June 1st has been suggested by some in the teaching profession as the earliest date the schools can start to return to normal. Staggered numbers of pupils are allowed back with priority to primary and infant schools - which of course allows the parents of the children to return to work and nurseries and childminders to reopen. At the same time clothing stores, leisure centres for outdoor sports, furnishing and furniture stores, barbers and hairdressers open with some social distancing measures in place. By June with insurers pulling cover on invoicing for firms due to there being a pandemic scores of printing firms, hauliers, manufacturers and engineering companies will find they are insolvent. Large numbers of firms call in the administrators and personal bankruptcies rocket. Don’t expect a U-shape recession.

Too late in July

If there remains a total lock down until July some firms will break ranks and vote with their feet and return to work despite the law. But up to 50% of retailers, 40% of service industry firms and 30% of manufacturers will have gone bust. Commentators have looked to the past to see how damaging a recession that would result with a late return to normal working. The Credit Crunch was bad as were the recessions of the 1980s but such a delay could be more like a depression. Later than July and we’re talking wipe-out for the pub and restaurant trades. Cinemas, night clubs, arts centres, holiday parks and tourist sites will see mass casualties especially if the lock down is reintroduced as a second wave of coronavirus sweeps the country in the autumn. Let’s hope there’s a jab available by then.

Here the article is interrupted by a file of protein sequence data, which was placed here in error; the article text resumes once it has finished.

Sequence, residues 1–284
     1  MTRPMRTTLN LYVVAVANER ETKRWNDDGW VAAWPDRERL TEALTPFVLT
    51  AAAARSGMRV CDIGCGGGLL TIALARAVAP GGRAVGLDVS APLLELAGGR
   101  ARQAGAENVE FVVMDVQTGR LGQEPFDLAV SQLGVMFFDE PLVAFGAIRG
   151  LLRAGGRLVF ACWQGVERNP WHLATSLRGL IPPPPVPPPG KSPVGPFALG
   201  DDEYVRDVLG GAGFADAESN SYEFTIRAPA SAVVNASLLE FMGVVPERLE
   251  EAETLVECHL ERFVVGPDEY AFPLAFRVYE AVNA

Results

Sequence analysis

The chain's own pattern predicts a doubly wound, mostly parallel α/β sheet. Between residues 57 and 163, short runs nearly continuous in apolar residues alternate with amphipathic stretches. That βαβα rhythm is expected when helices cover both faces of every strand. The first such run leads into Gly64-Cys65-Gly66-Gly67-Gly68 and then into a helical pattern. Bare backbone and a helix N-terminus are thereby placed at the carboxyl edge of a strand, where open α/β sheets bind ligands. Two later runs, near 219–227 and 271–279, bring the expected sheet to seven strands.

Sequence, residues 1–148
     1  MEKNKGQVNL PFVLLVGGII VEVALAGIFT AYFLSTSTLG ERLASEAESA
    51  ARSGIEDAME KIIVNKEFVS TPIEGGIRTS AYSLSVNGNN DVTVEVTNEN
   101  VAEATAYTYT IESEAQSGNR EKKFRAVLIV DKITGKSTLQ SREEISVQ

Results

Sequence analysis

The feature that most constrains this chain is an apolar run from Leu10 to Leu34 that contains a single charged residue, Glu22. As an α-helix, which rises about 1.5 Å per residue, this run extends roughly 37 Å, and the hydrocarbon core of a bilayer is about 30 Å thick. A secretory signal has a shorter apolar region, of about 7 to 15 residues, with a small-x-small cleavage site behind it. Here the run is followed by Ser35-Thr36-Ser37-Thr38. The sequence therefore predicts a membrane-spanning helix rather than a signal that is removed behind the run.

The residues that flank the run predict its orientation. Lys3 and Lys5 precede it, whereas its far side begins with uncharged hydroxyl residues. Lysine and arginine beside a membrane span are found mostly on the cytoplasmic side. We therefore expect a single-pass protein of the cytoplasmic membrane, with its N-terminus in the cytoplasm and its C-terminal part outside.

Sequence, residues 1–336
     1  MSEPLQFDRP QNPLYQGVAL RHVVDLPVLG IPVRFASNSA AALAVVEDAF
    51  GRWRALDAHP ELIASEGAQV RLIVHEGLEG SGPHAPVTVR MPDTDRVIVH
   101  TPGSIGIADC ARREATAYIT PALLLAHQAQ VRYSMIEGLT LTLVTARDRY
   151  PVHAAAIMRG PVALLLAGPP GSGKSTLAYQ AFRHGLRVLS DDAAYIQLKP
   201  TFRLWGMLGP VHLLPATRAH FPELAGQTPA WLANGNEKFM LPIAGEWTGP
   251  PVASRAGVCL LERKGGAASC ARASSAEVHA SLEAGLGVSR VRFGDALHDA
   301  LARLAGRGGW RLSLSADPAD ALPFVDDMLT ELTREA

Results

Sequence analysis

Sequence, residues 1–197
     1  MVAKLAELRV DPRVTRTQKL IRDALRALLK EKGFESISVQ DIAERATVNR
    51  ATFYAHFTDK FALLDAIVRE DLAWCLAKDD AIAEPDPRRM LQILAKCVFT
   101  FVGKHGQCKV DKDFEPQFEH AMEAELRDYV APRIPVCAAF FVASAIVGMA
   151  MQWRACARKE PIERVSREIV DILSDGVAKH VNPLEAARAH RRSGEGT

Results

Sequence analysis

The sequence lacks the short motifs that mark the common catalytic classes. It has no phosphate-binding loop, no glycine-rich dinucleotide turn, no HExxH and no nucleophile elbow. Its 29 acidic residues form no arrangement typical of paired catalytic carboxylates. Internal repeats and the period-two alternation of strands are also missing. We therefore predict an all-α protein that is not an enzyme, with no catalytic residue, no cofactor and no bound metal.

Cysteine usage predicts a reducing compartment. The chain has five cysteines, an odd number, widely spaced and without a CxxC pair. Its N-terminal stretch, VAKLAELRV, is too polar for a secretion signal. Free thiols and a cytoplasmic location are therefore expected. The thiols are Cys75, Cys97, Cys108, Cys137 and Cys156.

After coronavirus

These are the personal thoughts of the journalist Harry Mottram so don’t take them to heart but at present it’s hard to see light at the end of the tunnel. What is certain is there will be a major restructuring of business with some sectors unlikely to recover to pre lock down levels. Those who relied on the insurance companies to bail them out as their clients went bust or refused to pay will be disappointed. And those factoring their invoices likewise will have seen this model of payment founder on the coronavirus rocks.